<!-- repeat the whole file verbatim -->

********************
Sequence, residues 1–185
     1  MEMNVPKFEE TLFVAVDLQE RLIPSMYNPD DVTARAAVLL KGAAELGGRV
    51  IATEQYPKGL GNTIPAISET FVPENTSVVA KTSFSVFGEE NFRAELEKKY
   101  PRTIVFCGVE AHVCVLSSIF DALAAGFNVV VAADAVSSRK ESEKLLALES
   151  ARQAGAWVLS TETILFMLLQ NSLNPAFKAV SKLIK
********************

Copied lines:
Sequence, residues 1–185
     1  MEMNVPKFEE TLFVAVDLQE RLIPSMYNPD DVTARAAVLL KGAAELGGRV
    51  IATEQYPKGL GNTIPAISET FVPENTSVVA KTSFSVFGEE NFRAELEKKY
   101  PRTIVFCGVE AHVCVLSSIF DALAAGFNVV VAADAVSSRK ESEKLLALES
   151  ARQAGAWVLS TETILFMLLQ NSLNPAFKAV SKLIK